Interview with Rob Clayburn from

GPL WeekThis week we’re publishing a series of interviews here at

Every day this week we’ll be talking with a Joomla developer who works with a commercial GPL business model.

In the second interview of our series, we talk with Rob Clayburn from

1) Could you explain a little about your Joomla product?

Fabrik is a form and database management component. Our aim is to provide a flexible WYSIWYG environment in which our users can easily create forms, manage data and write mini applications tailored to their own needs. Users can implement a wide range of form elements (fields, checkboxes, drop down lists etc), and data can be imported and exported into a various formats such as CSV, RSS & email. The use of templates allows users to quickly customize the forms and applications they create.

2) What subscription packages do you offer currently?

We currently offer an annual subscription of ?20 (GBP), which provides
subscribers with access to a PDF user manual and support.

3) What extras do you offer to people who subscribe?

Inclusive of the PDF documentation our subscribers have access to a series of flash video tutorials, and a forum board dedicated to the support needs of our subscribers (the other boards on the forum are open to everyone). With the release of Fabrik 2.0 we will be introducing a new plug-in architecture as well as pre-built Fabrik applications for our subscribers.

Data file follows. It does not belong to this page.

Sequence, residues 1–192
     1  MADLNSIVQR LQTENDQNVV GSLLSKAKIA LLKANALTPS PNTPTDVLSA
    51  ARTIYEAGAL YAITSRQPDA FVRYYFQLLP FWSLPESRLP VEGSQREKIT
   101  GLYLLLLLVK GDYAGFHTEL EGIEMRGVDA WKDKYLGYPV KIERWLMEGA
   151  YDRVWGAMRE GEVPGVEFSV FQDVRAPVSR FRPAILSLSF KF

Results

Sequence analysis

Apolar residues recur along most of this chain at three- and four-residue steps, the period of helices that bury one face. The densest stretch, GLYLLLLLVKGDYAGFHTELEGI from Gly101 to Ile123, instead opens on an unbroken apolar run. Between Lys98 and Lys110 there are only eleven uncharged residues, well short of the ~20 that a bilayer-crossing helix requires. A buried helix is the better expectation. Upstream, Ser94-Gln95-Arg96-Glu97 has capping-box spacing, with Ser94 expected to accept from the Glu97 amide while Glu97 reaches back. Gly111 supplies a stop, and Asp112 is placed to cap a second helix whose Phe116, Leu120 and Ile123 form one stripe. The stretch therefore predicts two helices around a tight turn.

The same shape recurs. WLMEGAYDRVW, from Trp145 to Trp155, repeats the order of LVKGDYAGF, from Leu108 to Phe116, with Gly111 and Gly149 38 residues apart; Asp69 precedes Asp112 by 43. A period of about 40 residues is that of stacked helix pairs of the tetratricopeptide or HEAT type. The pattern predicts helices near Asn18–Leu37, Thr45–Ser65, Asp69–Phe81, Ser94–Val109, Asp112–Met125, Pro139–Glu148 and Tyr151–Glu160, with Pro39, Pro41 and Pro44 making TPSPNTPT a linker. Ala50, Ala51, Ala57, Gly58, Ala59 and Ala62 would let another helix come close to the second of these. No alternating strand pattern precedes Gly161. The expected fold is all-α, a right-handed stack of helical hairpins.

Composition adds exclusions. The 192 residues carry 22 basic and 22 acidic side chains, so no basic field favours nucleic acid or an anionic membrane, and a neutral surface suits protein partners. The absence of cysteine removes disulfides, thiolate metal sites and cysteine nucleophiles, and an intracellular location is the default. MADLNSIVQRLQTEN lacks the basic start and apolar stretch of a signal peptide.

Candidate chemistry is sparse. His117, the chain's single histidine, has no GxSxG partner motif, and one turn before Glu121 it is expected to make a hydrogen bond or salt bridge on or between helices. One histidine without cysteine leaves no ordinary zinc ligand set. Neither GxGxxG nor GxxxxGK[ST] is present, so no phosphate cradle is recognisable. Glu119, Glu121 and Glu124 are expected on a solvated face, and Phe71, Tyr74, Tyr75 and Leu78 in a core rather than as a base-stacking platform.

4) You started on the subscription model before the recent decision by the Joomla core. Why did you decide to offer subscriptions instead of selling your product?

Fabrik first started life as mosForms, which at the time was my first open source project for Mambo. I was new to the idea of open source software and quickly fell in love with the idea and the community, so didn’t really think twice about licensing mosForms under the same license as Mambo. Two years ago the company I was working for went under and I decided to create my own company, Pollen 8. While it was a great experience, Pollen 8 didn’t really allow me to give the time to mosForms that it deserved, so the project really slowed down in supporting its users and in improving it?s code base.

It was only when Graylan King (now a moderator on the Fabrik forum) got in touch with Pollen 8, requesting a large amount of code changes and generously threw in his support to the project, that I was able to start dedicating more time to mosForms. Graylan?s enthusiasm for the project and his business knowledge really convinced me that we could improve things for our users by creating a business model around a new and improved version of mosForms (Fabrik). At the same time I was still adamant that the code and the license should remain the same, and after knocking backwards and forwards several ideas we decided that the subscription model seemed to best fit our needs.

5) How did you handle the introduction of subscriptions? Were people willing to subscribe or did you need to educate people about the benefits?